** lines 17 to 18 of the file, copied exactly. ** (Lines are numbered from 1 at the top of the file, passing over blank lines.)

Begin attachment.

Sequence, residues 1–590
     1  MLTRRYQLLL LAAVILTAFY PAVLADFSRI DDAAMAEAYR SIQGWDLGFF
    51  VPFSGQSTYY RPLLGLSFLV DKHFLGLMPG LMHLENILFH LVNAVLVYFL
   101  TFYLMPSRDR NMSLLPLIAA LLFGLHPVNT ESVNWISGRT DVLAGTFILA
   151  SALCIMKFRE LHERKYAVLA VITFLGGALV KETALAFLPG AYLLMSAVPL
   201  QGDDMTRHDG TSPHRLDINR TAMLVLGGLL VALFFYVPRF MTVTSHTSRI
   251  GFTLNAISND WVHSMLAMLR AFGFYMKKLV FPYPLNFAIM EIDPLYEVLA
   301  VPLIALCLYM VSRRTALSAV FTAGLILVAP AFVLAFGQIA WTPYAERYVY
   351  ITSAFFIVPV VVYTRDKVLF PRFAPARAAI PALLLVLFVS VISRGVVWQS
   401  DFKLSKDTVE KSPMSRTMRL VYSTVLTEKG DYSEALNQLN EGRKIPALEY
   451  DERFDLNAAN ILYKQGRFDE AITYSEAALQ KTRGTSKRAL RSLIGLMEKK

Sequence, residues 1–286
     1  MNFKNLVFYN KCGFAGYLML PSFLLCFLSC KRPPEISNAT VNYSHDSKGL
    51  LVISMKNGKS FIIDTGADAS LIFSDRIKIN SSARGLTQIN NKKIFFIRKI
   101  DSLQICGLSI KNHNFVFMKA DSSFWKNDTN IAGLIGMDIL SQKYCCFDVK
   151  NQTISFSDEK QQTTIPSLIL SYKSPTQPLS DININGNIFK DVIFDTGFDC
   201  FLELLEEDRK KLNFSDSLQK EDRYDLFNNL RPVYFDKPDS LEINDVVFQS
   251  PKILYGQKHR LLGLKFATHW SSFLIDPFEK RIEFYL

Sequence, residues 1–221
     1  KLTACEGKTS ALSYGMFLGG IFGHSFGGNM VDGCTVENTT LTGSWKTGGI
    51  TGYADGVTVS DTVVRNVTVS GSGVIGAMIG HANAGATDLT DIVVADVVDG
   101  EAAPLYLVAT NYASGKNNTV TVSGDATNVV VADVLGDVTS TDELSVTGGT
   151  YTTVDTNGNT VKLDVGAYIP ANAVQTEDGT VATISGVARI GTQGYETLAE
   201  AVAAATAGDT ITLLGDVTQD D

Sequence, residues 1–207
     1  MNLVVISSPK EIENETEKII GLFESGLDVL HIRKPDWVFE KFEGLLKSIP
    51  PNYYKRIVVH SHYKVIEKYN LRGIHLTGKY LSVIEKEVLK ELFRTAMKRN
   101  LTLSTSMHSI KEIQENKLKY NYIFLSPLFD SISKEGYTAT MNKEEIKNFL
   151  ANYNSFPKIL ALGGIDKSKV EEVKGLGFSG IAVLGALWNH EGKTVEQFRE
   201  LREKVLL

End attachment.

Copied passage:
   201  FLELLEEDRK KLNFSDSLQK EDRYDLFNNL RPVYFDKPDS LEINDVVFQS
   251  PKILYGQKHR LLGLKFATHW SSFLIDPFEK RIEFYL